A fascinating story that featured back in March 2012.
From the Daily Mail:
Laid to rest in her best clothes and lying on an ornamental bed, she was probably of noble blood. Quite how the 16-year-old Anglo Saxon girl died and who she was remain a mystery. But she was buried wearing a gold cross – suggesting she was one of Britain’s earliest Christians.
Her well-preserved 1,400-year-old grave has been discovered by Cambridge University scientists, who described the find as ‘astonishing’.
The burial site at Trumpington Meadows, a village near Cambridge, indicates Christianity had already taken root in the area as early as the middle of the 7th century.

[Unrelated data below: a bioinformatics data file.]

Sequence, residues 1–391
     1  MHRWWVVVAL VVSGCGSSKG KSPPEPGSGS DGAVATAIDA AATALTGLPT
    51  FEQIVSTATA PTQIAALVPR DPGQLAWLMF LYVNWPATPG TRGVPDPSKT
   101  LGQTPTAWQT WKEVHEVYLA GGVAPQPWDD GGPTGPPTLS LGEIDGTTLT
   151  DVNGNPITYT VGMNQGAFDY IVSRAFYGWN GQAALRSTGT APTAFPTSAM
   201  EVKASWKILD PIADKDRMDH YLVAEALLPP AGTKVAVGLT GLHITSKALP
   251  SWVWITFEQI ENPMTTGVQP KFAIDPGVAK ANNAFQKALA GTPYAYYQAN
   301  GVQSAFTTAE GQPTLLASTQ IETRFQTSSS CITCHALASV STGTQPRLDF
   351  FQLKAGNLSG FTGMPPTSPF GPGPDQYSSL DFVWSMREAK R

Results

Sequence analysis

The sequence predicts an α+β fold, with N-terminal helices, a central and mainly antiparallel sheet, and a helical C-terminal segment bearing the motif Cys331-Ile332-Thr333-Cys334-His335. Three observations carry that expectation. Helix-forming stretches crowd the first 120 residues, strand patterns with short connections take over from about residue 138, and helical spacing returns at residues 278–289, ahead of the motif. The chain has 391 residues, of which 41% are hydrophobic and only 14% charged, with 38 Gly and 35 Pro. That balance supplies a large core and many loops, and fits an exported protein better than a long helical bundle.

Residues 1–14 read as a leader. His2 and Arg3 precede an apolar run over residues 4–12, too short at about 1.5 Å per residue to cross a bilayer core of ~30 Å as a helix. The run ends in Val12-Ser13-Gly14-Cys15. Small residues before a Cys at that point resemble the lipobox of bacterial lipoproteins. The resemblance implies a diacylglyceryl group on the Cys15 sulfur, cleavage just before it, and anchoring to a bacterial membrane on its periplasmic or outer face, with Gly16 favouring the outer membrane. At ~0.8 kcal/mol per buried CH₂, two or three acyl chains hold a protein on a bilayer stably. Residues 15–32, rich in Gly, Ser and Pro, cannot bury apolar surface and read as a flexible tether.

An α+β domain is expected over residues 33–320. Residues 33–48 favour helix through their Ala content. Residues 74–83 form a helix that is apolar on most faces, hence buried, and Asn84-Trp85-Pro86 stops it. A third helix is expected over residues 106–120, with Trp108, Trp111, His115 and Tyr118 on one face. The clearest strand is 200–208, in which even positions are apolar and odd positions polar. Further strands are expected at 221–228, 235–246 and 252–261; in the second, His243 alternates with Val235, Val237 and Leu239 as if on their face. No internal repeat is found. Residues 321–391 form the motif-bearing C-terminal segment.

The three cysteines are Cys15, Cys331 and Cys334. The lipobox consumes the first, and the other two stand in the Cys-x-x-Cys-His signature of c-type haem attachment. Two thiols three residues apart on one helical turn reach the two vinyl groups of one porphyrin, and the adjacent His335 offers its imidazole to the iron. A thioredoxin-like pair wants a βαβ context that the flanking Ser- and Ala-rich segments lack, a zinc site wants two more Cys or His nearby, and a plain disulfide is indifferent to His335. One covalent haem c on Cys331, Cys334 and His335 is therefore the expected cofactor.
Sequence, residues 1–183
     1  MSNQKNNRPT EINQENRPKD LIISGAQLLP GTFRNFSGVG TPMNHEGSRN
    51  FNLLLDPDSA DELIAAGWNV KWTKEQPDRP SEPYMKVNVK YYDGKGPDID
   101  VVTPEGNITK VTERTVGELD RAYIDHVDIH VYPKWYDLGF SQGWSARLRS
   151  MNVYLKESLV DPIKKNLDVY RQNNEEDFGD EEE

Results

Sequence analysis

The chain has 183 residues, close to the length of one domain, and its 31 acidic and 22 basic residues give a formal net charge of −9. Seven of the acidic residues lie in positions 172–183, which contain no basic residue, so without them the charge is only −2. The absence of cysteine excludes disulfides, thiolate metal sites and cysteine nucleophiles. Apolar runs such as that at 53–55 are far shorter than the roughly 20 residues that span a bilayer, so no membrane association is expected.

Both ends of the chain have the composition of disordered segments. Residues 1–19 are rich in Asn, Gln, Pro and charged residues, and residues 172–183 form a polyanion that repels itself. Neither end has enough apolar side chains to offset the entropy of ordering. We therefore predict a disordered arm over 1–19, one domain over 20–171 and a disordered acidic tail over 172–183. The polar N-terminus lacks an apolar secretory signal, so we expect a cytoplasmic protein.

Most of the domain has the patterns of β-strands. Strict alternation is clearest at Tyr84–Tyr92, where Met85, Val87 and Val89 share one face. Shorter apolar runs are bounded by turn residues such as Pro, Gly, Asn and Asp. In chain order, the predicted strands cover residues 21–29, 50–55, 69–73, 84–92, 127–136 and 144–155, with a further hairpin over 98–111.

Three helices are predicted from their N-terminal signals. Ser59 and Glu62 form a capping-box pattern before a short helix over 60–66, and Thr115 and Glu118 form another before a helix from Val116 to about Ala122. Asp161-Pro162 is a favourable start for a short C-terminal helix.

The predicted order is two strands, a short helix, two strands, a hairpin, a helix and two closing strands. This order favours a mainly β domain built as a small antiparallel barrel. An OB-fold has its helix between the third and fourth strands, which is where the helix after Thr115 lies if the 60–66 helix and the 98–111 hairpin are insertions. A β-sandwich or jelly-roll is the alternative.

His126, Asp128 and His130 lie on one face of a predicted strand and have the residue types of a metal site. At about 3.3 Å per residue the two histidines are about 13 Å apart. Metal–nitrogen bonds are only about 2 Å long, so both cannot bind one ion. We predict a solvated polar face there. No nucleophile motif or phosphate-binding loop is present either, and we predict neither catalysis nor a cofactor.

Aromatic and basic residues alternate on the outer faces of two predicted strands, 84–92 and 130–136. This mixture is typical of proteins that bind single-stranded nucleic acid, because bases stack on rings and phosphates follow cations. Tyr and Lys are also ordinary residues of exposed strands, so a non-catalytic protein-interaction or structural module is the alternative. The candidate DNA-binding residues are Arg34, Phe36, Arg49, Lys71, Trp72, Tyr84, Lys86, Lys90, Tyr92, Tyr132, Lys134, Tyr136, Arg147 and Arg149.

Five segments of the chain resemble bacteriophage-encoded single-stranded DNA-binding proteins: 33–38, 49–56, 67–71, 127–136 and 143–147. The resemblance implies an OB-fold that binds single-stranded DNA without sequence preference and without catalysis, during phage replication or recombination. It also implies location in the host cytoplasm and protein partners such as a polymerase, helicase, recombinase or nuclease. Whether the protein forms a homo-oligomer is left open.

The grave is one of 13 Anglo Saxon ‘bed burials’ to be discovered. Usually reserved for noble women, they involved being laid to rest on a wood and metal frame topped with a straw mattress. Such burials are not found after the 7th century. The girl’s inch-wide gold cross, studded with cut garnets, has been dated to between 650 and 680AD.
From BBC News:
An Anglo-Saxon grave discovered near Cambridge could be one of the earliest examples of Christianity taking over from Paganism, archaeologists said.
The skeleton of a teenage girl was found buried on a wooden bed, with a gold and garnet cross on her chest.
The grave is thought to date from the mid-7th Century AD, when Christianity was beginning to be introduced to the Pagan Anglo-Saxon kings.
It was uncovered at Trumpington Meadows by Cambridge Archaeological Unit.
The cross is only the fifth to be discovered in the UK.